People - NOMINEE: Roberto Pêgo
Betina's Drag Polaroids
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Over the last few years the drag queen culture has been growing and taking new forms in Brazil. The visual appeal of the outfits and the expressiveness of drag artists are an invitation to photograph and soon I found a motivating theme for my work as a photographer. I became a fanatic, mixed in with the audience, camera in hand, in search of the climax of each performance. But even though I was getting good photos, I was living with unease. Invisible in the crowd, protected by the camera, I found myself facing a mirror in which I could see how I identified with those artists, but not my reflected image. The image in the mirror was me, but at five years old. I met the boy who didn’t fit the standards of masculinity, who could not play with dolls or wear lipstick, playing hidden, this time behind the lenses of a professional camera. There was no point in taking photos of drag queens as a foreigner in an exotic land when the object of my work denounced the oppression of societal gender norms that turned the joyful and spontaneous boy into the shy and discreet photographer. I realized, in fact, that the art of drag is also a political act. At the same time as Brazil is undergoing a political moment of regression in which the conservative elite is working to reverse the few rights conquered by the LGBT community and to prevent the criminalization of homophobia, the nightlife in the big cities is increasingly populated by drag queens, on stage or in the streets, in a resistance movement for freedom of expression in support of the plurality of sexual orientations and gender identities, in repudiation of every kind of oppression.
Hiding myself behind the camera and feeling satisfied through voyeurism was no longer possible, so I created the drag photographer Betina Polaroid. I started to capture drag queens, kings and queers from inside the scene, telling the story of a movement of which I am now also a part. So, beyond the photographs, my life story and Betina herself are part of the work. The reference to the 80’s and 90’s, my childhood and adolescence, is present in both my drag character – with her pink, limited edition Polaroid 600 camera inspired by the Barbie doll, that shares the bag with the Canon 5D and a make-up kit – and the creative freedom and playful way in which the images are transformed and exhibited, whether they are original instant film snapshots or digital images manipulated to reproduce the vintage aesthetic. Analog minilabs, wireless mini-printers and other gadgets are used to print digital images on instant film. The simulations and transformations from digital into analog, or vice versa, also refer to the drag art, where makeup, prosthetics, costumes and props create illusion and fantasy. Betina is at the same time an experienced multimedia artist and a boy not conforming to gender norms poring over the colors of the rainbow in art class.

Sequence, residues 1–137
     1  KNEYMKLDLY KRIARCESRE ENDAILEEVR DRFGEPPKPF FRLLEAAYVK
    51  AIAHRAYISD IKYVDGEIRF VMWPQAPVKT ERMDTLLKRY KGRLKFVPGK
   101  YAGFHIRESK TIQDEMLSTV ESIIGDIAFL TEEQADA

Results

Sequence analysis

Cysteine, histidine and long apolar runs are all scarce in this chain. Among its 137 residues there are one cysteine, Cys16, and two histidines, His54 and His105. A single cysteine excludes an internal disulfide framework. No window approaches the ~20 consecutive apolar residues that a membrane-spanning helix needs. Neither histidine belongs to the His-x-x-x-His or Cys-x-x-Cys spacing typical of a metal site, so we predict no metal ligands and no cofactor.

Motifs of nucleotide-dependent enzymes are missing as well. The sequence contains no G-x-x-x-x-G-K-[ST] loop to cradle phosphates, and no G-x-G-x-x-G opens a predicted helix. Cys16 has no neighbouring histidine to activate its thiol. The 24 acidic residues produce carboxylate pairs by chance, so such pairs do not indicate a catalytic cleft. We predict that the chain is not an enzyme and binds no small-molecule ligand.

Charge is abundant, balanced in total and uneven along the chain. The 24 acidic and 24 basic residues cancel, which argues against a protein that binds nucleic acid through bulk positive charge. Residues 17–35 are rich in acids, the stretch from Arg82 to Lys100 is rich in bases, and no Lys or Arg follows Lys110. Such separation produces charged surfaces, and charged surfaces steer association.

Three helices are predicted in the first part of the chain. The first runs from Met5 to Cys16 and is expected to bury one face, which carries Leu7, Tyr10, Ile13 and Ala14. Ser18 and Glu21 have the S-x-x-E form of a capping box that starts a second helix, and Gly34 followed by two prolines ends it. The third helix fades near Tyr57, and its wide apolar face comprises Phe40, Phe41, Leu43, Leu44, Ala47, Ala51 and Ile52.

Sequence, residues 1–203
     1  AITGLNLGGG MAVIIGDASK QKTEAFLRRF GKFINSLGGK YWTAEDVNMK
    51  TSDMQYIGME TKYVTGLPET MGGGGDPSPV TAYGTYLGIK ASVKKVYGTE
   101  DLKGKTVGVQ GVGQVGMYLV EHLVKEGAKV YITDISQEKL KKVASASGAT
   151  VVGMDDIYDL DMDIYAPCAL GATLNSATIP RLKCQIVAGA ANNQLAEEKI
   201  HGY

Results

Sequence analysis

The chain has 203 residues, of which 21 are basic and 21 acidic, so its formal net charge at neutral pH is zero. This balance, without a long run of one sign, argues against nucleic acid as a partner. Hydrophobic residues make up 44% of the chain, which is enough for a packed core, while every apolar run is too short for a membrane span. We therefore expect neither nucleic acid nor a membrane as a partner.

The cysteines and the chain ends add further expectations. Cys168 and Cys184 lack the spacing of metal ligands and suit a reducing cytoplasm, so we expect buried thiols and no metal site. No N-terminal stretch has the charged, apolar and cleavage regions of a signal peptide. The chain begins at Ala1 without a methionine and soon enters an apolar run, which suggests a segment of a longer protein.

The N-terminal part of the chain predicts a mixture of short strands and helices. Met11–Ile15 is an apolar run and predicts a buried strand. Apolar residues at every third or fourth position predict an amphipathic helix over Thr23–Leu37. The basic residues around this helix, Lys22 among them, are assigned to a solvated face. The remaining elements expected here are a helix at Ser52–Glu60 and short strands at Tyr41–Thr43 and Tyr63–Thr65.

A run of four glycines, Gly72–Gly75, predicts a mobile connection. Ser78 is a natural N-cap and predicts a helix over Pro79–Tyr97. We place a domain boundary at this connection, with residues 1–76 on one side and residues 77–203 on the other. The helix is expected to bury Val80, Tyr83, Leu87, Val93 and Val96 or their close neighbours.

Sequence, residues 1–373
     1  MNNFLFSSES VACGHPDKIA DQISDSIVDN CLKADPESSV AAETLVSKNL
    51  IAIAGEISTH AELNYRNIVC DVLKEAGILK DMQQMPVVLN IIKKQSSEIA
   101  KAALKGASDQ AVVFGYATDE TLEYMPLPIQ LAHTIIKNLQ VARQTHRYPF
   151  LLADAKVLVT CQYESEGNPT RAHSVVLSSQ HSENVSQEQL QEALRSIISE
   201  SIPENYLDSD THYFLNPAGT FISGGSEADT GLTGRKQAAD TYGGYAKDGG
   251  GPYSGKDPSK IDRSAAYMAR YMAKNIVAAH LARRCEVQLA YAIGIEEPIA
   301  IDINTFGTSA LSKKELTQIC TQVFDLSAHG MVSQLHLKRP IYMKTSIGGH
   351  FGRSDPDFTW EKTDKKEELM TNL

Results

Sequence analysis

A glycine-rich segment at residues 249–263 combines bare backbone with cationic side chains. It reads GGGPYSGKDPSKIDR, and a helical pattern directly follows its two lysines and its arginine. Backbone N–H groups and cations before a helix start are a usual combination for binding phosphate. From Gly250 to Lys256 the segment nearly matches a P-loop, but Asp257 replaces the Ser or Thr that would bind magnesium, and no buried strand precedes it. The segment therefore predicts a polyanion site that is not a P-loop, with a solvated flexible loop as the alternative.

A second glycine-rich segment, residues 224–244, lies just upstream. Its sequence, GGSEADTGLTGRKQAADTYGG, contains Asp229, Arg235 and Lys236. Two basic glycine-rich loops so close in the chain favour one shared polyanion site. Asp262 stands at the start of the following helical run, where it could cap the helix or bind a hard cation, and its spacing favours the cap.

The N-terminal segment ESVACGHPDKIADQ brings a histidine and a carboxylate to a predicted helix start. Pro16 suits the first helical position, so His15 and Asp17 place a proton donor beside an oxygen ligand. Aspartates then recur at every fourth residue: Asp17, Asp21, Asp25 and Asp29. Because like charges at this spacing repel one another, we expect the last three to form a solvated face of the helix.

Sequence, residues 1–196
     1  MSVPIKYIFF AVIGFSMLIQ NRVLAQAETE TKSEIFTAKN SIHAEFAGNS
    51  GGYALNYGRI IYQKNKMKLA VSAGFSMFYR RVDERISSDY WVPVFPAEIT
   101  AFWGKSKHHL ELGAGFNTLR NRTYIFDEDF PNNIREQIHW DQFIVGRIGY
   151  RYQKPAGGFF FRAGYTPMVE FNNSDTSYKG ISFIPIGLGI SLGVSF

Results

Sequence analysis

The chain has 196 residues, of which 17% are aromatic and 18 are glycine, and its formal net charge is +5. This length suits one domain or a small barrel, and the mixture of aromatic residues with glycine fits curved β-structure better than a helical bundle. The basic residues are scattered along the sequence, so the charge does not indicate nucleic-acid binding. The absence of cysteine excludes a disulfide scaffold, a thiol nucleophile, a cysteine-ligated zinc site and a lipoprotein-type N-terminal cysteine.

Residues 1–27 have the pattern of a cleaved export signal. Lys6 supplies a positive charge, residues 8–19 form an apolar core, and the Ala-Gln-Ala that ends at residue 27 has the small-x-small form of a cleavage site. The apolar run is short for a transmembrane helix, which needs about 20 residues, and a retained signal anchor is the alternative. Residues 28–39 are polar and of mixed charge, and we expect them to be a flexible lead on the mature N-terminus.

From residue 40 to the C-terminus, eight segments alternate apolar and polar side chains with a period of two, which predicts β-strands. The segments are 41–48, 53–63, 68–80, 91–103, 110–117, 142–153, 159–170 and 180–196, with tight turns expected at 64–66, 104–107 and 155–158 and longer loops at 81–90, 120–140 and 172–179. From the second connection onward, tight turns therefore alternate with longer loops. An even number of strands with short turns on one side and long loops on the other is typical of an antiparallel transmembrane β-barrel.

In this series of 10 photos I'm bringing a self-portrait in my new dressing room and presenting 10 of my new friends: Danjah Patra, the top model samurai; bearded queen Tizzy and king Wendel; the black goddess Aretha Sadick; the diva Aurora Boreallis celebrating pride; "the queen of the people" Ravena Creole; the gothic queer sisters Pandora Yume and Joy Yume; the muscled princess Chloe Van Damme; and the femme-fatale Aurora Black.
Beto Pêgo started to study Photography in the 90's during his graduation on Advertising at UFRJ (Federal University of Rio de Janeiro), when he attended classes on Photography and History of Art at Parque Lage School of Arts and worked as assistant for experienced photographers; always seeking theoretical and technical improvement, finding in photography his means of artistic expression and a broad professional field. In almost 20 years in this career, Beto worked in several areas: travel, documentary, cultural events, editorial and advertising. O Globo newspaper, Abril Press’ magazines, Universal Music and L'Orèal are some of his clients and publishers. Living and working in Rio de Janeiro, Beto has also worked as Photography teacher in schools and colleges. He's shown his photo-based art in exhibitions and events, as FotoRio photo festival, and engaged on social projects working with local NGOs. Beto is now engaged in projects within the LGBT community performing as Betina Polaroid, the drag photographer that captures the art and life of drag queens, kings and queers from inside - and being part of - their cultural ambience.